Is the concept of existence univocal? – part I

In chap.1.2., of the Bidayat al-Hikmah, the Sadrian philosopher Allameh Tabataba’i sets out to prove, by means of three barahin (demonstrations), that the concept of existence is ishtirak ma’nawi i.e., predicated of different existents in a single sense. Here I’ll only give an analysis of the first proof that he adduces for his conclusion. I’ll take up  his other two arguments in the next two series of posts, God-willing.

The first demonstrative argument according to Allameh hinges on the nature of division:

A proof [that the concept of existence is univocal] is that we divide existence into its different categories, such as the existence of the Necessary Being (wujud al-wajib) and the existence of the contingent being (wujud al-mumkin). The existence of the contingent is divided into that of substance (wujud al-jawhar) and that of accident (wujud al-aradh). The existence of substance and the existence of accident are again divided into their various kinds. It is evident that the validity of a division depends on the unity of what is being divided and on its presence in all its divisions.

Cast in syllogistic form, Allameh’s argument it seems to me would look like this:

Major: for a division to be valid, the term divided has to be univocal. Minor: existence can be validly divided i.e., into necessary, contingent, etc. Conclusion: therefore, existence is a univocal predicate.

Let the minor premise be granted, for it seems evident and straightforward. But what is the exact purport of the major? I have formulated it in those terms because Allameh writes that “the validity of a division depends on the unity of what is being divided and on its presence in all its divisions” and, presumably, I take it, by the terms ‘unity’ and ‘presence’ he just means univocity. If that is the case, Allameh is then saying that the term divided must be present in i.e., predicated of, the parts into which it is divided univocally or in the exact same sense. But why? Because otherwise, he implicitly seems to suggest, there would be no bases for the division – for the dividing terms will then be unrelated both to each other and the whole of which they’re parts i.e., the term which they are dividing. Consequently, the division, if the term divided is not related at all to one or more of its parts – which for Allameh just means not applied univocally to them – will be invalid.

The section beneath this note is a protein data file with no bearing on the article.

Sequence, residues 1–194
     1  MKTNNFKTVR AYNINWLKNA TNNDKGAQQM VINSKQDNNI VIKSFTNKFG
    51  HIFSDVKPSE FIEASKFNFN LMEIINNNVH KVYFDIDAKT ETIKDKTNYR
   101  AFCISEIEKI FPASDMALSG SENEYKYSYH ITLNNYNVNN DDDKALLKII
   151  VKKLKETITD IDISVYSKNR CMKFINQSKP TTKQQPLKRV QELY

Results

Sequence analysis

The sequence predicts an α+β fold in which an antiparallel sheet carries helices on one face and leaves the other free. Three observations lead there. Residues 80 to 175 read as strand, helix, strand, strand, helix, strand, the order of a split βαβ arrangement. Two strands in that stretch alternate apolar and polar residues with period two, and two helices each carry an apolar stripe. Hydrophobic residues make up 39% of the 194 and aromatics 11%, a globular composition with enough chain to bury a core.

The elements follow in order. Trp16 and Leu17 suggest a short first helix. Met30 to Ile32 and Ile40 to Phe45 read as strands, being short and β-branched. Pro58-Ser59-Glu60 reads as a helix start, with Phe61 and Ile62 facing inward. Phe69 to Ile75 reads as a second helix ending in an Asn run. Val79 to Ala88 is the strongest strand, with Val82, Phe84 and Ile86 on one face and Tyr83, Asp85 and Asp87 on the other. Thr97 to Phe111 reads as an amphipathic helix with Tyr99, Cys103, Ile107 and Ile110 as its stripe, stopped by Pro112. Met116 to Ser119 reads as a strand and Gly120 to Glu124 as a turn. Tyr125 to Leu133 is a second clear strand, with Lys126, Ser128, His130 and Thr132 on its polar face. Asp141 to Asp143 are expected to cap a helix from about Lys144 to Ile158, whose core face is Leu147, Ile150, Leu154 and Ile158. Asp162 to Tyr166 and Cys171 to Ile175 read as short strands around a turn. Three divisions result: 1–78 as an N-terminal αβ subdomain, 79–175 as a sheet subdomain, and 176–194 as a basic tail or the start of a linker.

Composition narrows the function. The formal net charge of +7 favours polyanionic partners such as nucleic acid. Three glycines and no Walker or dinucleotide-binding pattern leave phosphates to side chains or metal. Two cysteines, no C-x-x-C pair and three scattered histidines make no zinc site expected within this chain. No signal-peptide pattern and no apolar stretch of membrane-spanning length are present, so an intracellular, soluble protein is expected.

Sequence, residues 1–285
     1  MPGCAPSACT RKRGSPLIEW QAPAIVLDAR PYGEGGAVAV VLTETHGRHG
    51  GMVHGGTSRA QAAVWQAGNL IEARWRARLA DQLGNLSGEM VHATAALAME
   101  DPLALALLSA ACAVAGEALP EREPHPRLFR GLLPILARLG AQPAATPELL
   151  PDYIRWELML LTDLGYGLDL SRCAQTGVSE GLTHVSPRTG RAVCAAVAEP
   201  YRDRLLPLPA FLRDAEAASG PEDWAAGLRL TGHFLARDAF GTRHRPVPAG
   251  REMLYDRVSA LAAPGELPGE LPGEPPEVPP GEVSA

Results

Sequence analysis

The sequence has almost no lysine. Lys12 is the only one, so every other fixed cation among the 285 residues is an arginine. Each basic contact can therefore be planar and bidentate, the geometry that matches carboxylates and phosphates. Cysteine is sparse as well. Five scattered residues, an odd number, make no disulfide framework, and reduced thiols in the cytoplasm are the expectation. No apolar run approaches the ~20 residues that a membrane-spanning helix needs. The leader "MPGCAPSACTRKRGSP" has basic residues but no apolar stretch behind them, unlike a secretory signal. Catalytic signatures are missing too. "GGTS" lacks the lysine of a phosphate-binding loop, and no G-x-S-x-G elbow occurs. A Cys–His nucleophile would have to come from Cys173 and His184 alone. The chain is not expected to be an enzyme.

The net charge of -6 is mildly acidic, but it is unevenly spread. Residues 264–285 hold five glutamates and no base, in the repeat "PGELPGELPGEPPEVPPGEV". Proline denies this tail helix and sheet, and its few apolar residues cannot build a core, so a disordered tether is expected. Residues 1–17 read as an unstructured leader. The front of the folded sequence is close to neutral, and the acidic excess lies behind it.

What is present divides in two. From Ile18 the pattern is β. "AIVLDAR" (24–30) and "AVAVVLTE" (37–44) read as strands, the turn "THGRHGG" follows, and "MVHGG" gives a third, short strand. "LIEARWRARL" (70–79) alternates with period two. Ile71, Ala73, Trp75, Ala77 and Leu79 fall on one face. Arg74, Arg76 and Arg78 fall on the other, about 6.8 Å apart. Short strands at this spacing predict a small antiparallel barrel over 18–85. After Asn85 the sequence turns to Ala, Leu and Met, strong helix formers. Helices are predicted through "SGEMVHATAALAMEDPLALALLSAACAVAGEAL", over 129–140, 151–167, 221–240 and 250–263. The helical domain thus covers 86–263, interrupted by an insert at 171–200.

To concretize this abstract point, here are examples of both an (1) invalid and a (2) valid division that Allameh may have had in mind: (1) the division of ‘animal’ into ‘man’ and ‘stone’. The reason this division is invalid is because ‘animality’ does not apply to ‘stone’ in any way or sense whatsoever i.e., neither in the sense in which it applies to ‘man’ nor a different one. And here’s an example of a (2) valid division: the division of ‘animal’ into ‘man’ and ‘horse’. The term ‘animality’ is present in man and horse in the exact same sense i.e., univocally; for a man is said to be an animal just as much as a horse is. So the division is valid.

Allameh with this argument wants to show that the same is the case with the term ‘existence’ when it is divided as well. That is, it must apply to its divisions (i.e., necessary, contingent, etc) univocally. If not, then existence cannot be validly divided into them. And were this true, it would in turn undermine many other philosophical commitments, e.g., a proof of God’s existence, that  both Allameh and his interlocutors may share. Also, whatever the divisions of existence are divided into, existence, as well as the proximate genus of which the second divisions (i.e., substance and accident) are parts, must also apply to them univocally.  To recap all the above then, simply put, in any division whatsoever, if it is to be a valid division, the term divided must be present in its parts in the exact same sense.